Home Africa Former South African President Jacob Zuma Faces Growing Dissent in Party As...

Former South African President Jacob Zuma Faces Growing Dissent in Party As Election Nears

Jacob Zuma

Former South African President Jacob Zuma is fighting a bid to oust him from his new party. This comes just three weeks before the country goes to the polls, reported state broadcaster SABC. The former South African politician was president from 2019-2018 when he was forced to resign due to a number of corruption scandals in his administration.

Formerly belonging to the governing African National Congress (ANC) Zuma grew disenchanted with his party, and currently, he is the lead candidate and front for the uMkhonto we Sizwe (MK). He had earlier been banned from contesting elections due to the corruption charges, but in a major relief for the former South African president, a South African court has allowed him to run in the country’s elections scheduled for May 29. Zuma had earlier been banned from contesting by South Africa’s electoral commission, who had ruled that anyone convicted of an offence could not contest.

The ANC has tried to quash Zuma’s candidacy and deregister his party with no success so far. Zuma still holds high popularity amongst a section of South Africans. A freedom fighter, he was imprisoned for 10 years in the battle against apartheid from 1963-73. Local reports say he holds special sway in the KwaZulu-Natal region which is expected to be a key battleground in the election.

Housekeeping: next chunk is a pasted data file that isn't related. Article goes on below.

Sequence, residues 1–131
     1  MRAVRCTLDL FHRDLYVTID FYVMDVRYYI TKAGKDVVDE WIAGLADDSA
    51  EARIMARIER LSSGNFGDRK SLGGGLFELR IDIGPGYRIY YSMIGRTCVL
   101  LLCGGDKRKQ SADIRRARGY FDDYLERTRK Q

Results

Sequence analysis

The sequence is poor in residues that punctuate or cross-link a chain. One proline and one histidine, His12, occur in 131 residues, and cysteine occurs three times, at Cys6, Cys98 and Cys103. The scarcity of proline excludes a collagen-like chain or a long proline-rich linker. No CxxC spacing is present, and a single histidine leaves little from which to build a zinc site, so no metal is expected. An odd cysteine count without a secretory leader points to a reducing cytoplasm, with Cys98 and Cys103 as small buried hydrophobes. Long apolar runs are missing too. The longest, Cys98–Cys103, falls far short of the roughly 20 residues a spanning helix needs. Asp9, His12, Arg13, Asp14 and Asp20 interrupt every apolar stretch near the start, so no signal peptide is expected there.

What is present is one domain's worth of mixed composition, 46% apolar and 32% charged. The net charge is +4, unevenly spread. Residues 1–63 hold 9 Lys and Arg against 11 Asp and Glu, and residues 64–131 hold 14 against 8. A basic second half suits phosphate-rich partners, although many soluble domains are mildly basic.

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The ANC is facing its sternest political test. From the party, President Cyril Ramaphosa is the most likely to be the party’s candidate as he seeks another term. Ramaphosa faces an uphill task as power blackouts, troubled economy, and graft allegations have hurt the party’s image. If the party gets below 50% of the vote and gets 40% as is currently being predicted, it will have to form a coalition government for the first time in its history.

In South Africa’s electoral system, voters vote for a party, not the president, and follows the model of proportional representation. Having secured the votes, the winning party then decides which candidates it wants to send to the legislature. Once this is done, all the lawmakers of the Lower House must then decide who will be the next president. The president can only serve two five-year terms.